Philippe Lucas, founder of the Vancouver Island Compassion Society, is working on some exciting research into the effects of medicinal cannabis.
In an exclusive interview with Cannabis Culture, Lucas explained that most studies into medical cannabis have been limited to research in test-tubes and on animals. Lucas is working with medical cannabis clubs across Canada to find out more about the effects of marijuana, specifically looking to find how different strains of cannabis affect various ailments.
“It has long been known that certain strains are more effective in alleviating certain symptoms,” explained Lucas. “A general rule of thumb is that Indicas, because of their more narcotic effect, are typically better at alleviating generalized pain than Sativas, which appear to be more effective in treating dystonic movement disorders such as MS or epilepsy.”
These different medical effects are due to the varying cannabinoid profiles of different strains. “Studies have shown that CBD is an effective anti-convulsant and anti-spasmatic,” explained Lucas. “Therefore it has been suggested that true Sativas may typically be higher in CBD than their Indica cousins.”
The specific medical effects of a cannabis strain depend on more than just whether it is an Indica or Sativa. “There are numerous strains that appear particularly effective at treating certain symptoms,” explained Lucas. “The White family, such as White Widow and White Rhino, are generally considered to be very good pain killers.”
Lucas approached Dr Mark Ware from McGill University’s Pain Center to help him in his research. Dr Ware is a member of the Canadian Consortium for the Investigation of Cannabinoids in Human Therapeutics, and is one of the world’s foremost cannabis researchers. He is currently awaiting a shipment of cannabis from the US government, to begin one of two clinical cannabis studies approved and funded by Health Canada.
Lucas approached Ware to get some help in developing a questionnaire which could be circulated among the clients of Canada’s current med-pot compassion clubs. “By surveying the employees of these unique organizations,” explained Lucas, “we hope to see if there is any strain/symptom consistency within the membership of Canadian clubs.”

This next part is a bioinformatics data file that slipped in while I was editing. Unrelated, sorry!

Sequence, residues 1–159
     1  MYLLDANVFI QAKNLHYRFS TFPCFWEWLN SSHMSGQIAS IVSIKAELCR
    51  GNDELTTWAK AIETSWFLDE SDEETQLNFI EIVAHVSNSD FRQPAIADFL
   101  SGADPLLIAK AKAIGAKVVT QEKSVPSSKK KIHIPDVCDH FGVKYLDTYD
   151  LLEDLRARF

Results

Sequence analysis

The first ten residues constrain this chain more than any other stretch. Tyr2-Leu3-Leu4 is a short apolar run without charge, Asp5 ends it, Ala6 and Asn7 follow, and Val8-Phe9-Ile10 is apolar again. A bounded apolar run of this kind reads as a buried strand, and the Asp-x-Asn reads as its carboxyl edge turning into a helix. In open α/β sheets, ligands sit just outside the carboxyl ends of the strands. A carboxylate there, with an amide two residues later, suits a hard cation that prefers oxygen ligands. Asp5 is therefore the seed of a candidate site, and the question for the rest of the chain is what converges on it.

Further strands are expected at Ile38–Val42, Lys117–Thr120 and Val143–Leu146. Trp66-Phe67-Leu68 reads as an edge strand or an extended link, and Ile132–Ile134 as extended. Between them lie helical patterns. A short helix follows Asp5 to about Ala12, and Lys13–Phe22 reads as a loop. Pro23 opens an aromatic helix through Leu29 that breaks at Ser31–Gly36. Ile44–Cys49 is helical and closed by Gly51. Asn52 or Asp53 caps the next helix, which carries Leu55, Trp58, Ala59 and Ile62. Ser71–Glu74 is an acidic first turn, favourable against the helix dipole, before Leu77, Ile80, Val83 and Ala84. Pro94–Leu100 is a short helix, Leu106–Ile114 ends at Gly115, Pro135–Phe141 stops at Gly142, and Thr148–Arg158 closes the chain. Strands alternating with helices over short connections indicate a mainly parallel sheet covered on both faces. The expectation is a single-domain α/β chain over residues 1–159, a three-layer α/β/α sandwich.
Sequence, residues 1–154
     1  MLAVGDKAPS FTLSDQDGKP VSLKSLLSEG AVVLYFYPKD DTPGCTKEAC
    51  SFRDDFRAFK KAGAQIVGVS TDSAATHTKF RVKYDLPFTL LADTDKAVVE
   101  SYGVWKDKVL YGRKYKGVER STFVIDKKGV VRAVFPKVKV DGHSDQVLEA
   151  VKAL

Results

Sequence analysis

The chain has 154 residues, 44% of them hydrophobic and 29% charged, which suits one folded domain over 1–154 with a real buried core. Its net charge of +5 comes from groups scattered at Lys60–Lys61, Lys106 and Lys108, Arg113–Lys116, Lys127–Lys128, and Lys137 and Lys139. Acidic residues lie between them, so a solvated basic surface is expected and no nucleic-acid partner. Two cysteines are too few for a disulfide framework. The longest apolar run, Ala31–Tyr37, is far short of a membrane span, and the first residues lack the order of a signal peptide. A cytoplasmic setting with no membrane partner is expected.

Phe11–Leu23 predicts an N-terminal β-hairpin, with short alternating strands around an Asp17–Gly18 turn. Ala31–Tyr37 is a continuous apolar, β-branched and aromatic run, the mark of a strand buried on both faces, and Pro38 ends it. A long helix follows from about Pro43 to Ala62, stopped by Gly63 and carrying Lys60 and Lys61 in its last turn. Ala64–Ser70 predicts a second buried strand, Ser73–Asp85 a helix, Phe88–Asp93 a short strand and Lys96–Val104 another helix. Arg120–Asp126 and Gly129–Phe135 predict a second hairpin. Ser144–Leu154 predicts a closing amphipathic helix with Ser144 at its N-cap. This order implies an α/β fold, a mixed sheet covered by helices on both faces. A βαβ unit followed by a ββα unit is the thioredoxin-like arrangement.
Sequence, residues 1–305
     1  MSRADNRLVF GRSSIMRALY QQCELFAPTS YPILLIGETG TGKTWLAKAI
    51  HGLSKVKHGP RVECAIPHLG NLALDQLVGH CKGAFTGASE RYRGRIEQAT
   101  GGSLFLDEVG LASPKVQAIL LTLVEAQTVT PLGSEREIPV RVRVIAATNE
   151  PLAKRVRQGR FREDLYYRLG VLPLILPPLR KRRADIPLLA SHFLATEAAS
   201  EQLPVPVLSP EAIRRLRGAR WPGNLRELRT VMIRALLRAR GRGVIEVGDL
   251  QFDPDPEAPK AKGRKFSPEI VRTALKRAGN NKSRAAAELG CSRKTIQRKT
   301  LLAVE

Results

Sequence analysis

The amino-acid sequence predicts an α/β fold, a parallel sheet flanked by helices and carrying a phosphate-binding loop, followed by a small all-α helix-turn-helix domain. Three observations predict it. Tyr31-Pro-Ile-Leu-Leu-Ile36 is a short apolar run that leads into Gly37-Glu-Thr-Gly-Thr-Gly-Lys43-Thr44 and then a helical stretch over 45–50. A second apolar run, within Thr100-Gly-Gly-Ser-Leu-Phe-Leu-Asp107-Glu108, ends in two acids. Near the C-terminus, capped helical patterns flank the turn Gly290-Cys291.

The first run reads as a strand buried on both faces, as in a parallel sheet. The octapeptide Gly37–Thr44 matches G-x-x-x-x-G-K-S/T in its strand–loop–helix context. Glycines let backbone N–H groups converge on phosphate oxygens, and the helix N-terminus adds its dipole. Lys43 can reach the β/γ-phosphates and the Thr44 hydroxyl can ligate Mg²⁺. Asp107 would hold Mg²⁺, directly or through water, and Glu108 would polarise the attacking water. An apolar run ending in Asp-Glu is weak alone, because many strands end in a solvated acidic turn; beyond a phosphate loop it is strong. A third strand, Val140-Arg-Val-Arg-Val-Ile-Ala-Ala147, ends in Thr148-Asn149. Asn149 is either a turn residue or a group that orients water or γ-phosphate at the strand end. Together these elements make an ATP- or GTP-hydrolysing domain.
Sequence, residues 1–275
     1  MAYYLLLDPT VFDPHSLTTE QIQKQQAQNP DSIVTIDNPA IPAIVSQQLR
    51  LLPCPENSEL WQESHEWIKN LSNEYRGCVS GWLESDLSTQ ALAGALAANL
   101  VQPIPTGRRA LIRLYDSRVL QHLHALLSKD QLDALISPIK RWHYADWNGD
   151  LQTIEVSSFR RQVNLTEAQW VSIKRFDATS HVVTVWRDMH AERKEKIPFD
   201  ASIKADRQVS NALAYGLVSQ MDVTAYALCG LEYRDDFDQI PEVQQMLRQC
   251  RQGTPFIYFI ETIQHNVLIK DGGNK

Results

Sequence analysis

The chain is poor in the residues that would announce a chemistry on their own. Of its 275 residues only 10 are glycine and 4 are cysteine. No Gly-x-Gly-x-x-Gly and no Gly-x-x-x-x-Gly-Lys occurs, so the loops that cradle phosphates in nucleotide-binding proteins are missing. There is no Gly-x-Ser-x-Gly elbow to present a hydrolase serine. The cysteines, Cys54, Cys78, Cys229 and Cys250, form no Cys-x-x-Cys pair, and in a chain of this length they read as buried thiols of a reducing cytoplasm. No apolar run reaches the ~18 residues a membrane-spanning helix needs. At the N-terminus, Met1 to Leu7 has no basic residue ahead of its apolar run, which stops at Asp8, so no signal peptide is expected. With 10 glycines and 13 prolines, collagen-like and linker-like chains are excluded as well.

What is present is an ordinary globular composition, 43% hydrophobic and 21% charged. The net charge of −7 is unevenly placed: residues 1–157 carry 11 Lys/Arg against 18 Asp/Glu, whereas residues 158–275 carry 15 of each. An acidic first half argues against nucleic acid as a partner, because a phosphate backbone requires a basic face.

Lucas explained that this is only the first stage in what will be a much more thorough investigation. “Should our analysis suggest that there is a positive correlation between certain medical conditions and certain cannabis varietals, this may posit a more specific investigation into the cannabinoid profile of these strains, as well as more specific clinical research into why one varietal might be more effective than another in treating specific symptoms.”
Lucas’ survey has gone through preliminary approval with the McGill Board of Ethics, and should be underway this spring.
Lucas is also working other intriguing lines of research. He’s begun working with Dr Diana Sylvestre of the University of California, San Francisco, to study how cannabis might increase the success of Interferon treatment for hepatitis-C in intravenous drug users. In a 2002 study, Dr Sylvestre discovered that her study subjects who were smoking pot had a much higher treatment success rate than the non-users.
When Lucas heard of Sylvestre’s research, he forwarded the results to Dr Ethan Russo, a neurobiologist who is editor of the Journal of Cannabis Therapeutics.
“Dr Russo suggested that the results may be the attributable to an immunological response,” explained Lucas. “If we could prove that cannabis actually had a positive impact on the immune system , we could further defend and justify its medicinal use.”
Lucas is now working with Dr Sylvestre and the BC Compassion Club Society (BCCCS), to design an appropriate study. Together, VICS and the BCCCS provide medicine to about 500 patients with hepatitis-C. Lucas anticipates this study being concluded by the Spring.
“If the results of our study show that cannabis has a positive impact on hep-c treatment outcomes, it would not only seriously change the nature of hep-c treatment protocols, but also completely alter the US perception of cannabis as a drug of abuse with no medical value,” claimed Lucas. “In other words, our hope is that this research may result in a change of our understanding of this medicinal herb, as well as in the laws currently prohibiting its use.”
The VICS plans to start up more studies over the next year, including double-blind studies to test specific strains against various symptoms.
“It is our goal to use our unique knowledge base and membership to oversee more medicinal cannabis research than any other government or private institution in North America,” says Lucas.
“This information will not be the property of federal government or pharmaceutical interests; it will be made public so that we can all benefit from a further understanding of cannabis and its incredible medicinal properties.”
? Philippe Lucas is the founder and director of the Vancouver Island Compassion Society and Director of Communications for DrugSense. He uses cannabis to alleviate the symptoms of his hepatitis-c.
? Philippe Lucas: 250-884-9821; email email@example.com; web www.thevics.com
? Canadian Consortium for the Investigation of Cannabinoids in Human Therapeutics: tel 902-473-6428; email firstname.lastname@example.org; web www.ccicht.ca